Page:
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The Bowery, New York City – Area Info & Accommodation

The Bowery is the area from East 4th St in the East Village to Canal St and Little Italy on the West. It is also the name of the oldest thoroughfare in the city which is still in use today. The area has seen many changes and its reputation, though seedy at times, has its roots in grandeur.

Early in its history during the 1700’s, it was a large open space used for recreation by the rich who opened taverns and the famed Bowery Theater but by the time the civil war rolled around the Bowery had slid into a decline it became a place for rough drinking, prostitution and cheap “flophouses”.

It was also the main center of the gay and lesbian community in the late 1800s and early 1900s with a large amount of dance halls saloons and even opium dens. Due to its proximity to the docks, thousands of sailors would pour in creating an even higher demand for bars brothels and tattoo parlors. By the late 1920s and ’30s things went from bad to worse, and the once beautiful gardens and taverns virtually unrecognizable after the area fell into the depression totally disappeared giving way to homeless communities and alcoholics who lived on the streets and in the many tenement buildings.

The Bowery became known as Skid Row and for many years remained in a state of total disrepair as immigration and joblessness increased and lack of resources to assist the many who came looking for shelter became critical. The only businesses to be found for many years mixed into the bars and homeless shelters were restaurant supply stores which still provide the area with a majority of its commerce even today, however, the city has put a massive amount of time and money into the revival or gentrification of the area known as the Bowery.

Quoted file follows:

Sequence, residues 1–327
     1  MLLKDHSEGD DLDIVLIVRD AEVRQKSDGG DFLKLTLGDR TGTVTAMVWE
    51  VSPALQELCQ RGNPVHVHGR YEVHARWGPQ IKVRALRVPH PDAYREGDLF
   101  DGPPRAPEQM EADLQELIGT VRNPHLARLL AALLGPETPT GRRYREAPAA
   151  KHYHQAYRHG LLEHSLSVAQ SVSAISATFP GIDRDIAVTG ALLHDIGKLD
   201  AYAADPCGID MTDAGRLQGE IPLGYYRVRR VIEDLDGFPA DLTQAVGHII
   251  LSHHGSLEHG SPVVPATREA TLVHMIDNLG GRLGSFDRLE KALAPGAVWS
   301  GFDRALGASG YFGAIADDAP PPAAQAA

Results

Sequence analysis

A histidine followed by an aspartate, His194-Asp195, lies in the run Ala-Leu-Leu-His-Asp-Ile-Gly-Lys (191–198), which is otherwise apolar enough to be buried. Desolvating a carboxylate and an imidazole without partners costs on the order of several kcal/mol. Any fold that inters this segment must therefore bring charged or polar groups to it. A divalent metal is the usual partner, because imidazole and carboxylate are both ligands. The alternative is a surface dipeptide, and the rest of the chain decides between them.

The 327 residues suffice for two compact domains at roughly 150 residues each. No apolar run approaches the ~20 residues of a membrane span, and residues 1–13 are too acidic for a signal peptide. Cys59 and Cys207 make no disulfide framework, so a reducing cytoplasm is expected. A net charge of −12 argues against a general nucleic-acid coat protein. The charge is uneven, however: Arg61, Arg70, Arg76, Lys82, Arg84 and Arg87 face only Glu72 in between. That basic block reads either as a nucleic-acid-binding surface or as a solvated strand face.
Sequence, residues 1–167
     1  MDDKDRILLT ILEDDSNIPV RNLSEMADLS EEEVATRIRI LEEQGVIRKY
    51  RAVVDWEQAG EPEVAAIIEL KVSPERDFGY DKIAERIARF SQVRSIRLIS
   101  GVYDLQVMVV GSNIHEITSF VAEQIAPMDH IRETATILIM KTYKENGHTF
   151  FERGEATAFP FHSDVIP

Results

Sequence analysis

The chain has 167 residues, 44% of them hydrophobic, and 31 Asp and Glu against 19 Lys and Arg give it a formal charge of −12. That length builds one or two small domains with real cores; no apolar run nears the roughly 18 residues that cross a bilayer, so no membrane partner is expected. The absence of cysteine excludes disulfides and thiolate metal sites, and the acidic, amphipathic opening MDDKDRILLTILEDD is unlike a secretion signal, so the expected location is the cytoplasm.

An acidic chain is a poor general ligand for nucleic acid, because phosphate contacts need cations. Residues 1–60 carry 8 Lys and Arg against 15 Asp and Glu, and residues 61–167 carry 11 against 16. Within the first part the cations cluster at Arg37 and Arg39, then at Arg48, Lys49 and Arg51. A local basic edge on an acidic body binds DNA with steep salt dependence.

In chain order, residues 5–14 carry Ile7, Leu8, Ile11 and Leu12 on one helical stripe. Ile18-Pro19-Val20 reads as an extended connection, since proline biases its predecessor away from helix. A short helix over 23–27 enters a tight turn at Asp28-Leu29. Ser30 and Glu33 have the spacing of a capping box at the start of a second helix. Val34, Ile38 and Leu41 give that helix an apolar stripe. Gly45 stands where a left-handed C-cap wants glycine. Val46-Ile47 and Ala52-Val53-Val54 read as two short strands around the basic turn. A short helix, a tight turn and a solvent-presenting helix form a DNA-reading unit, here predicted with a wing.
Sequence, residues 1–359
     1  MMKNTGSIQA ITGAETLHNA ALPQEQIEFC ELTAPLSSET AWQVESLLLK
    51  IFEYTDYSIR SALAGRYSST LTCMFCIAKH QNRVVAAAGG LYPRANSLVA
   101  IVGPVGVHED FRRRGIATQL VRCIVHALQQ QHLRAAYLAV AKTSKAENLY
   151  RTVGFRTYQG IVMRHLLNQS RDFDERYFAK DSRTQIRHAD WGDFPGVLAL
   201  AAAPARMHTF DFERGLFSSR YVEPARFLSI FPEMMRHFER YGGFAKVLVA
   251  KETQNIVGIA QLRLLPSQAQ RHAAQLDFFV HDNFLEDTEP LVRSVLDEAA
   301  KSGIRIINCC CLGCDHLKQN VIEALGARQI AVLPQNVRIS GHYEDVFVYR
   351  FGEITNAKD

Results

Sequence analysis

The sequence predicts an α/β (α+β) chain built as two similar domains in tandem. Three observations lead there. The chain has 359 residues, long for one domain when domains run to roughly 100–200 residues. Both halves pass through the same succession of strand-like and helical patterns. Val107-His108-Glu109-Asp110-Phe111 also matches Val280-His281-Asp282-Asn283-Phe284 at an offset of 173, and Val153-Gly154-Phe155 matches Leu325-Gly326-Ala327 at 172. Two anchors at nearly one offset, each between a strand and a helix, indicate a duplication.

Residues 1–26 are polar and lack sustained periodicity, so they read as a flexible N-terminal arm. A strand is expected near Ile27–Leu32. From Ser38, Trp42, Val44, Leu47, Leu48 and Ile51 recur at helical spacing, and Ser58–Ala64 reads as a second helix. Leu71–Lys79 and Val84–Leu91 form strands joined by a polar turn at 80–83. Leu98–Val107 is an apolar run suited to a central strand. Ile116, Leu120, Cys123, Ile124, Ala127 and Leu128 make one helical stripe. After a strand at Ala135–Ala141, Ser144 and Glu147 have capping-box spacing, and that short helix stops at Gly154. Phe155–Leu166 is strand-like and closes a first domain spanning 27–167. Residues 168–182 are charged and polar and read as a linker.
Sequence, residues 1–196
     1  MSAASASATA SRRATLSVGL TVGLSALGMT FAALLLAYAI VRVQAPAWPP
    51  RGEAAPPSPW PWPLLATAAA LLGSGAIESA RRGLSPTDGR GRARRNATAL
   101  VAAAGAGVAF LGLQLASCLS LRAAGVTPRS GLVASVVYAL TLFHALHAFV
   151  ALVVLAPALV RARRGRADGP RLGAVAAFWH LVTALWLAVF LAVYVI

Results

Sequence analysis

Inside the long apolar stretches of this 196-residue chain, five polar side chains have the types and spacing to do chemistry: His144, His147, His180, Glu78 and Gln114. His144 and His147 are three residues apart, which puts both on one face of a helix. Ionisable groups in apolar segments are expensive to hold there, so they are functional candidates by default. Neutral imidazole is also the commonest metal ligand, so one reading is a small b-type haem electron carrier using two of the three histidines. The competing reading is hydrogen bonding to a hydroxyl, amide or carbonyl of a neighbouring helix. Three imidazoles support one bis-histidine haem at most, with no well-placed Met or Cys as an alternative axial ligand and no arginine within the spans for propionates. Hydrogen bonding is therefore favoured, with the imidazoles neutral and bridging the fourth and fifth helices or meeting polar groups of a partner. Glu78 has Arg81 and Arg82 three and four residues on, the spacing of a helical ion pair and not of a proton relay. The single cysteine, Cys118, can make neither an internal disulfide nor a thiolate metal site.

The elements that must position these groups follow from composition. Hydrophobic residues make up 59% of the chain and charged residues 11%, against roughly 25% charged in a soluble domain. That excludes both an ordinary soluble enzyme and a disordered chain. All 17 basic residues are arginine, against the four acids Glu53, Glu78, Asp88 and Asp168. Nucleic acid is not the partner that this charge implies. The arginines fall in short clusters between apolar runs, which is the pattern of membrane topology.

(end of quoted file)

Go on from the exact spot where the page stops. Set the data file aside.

There are now many high-rise apartments and condos being constructed as well as open-air markets and organic food stores mixed in with the original taverns and bars which have been refurbished creating an eclectic neighborhood where old historic buildings such as The Amato Opera started in 1948 by Tony Amato and his wife, Sally, which though closed as a venue still stands today.

The Bowery Ballroom a music venue built just before the stock market crashed in 1929 and the Bowery Poetry Club a poetry prose and open mic performance space located at Bowery and Bleecker Street mix with new and exciting buildings like the New Museum of contemporary art which opened the doors to its new location on 235 Bowery in 2007 and the new Cooper Union building a futuristic construction which sits adjacent to the old Cooper Union building located on Cooper Square and Astor Place.

No history of the Bowery would be complete without mention of the famed and fantastic CBGB which was located at 315 Bowery! Originally intended to be a venue to showcase Country, BlueGrass and Blues(that’s where the name came from) it became the greatest Punk and New Wave showcase in the USA. Sadly CBGB closed its doors in October 2006 and while we miss its presence every day its spirit lives on forever in the memories of all New Yorkers who shared in its magic.

The venue is now occupied by the designer John Varvatos who kept some of the graffiti on the interior for anyone wishing to see a bit of what the club used to look like and they are happy to allow photographs both inside and outside

Some places to check out in the area include:

For Eats
Balthazar 80 Spring St

Brick Lane Curry House 306 E.6th St

La Esquina 106 Kenmare St

Peels 325 Bowery

For Shopping

Blue and Cream 1 East 1st at Bowery

Patricia Fields 302 Bowery

Whole Foods 95 East Houston at Bowery

Rogan 330 Bowery Corner on Bond

For Sightseeing

The New Museum 235 Bowery –

Sun, Wed, Fri-Sat 11am-6pm

Mon-Tue Closed

Thu 11am-9pm

Lower East Side History Project offering walking tours both public and private

Lower East Side Tenement Museum Sun-Sat 10am-6pm 108 Orchard St

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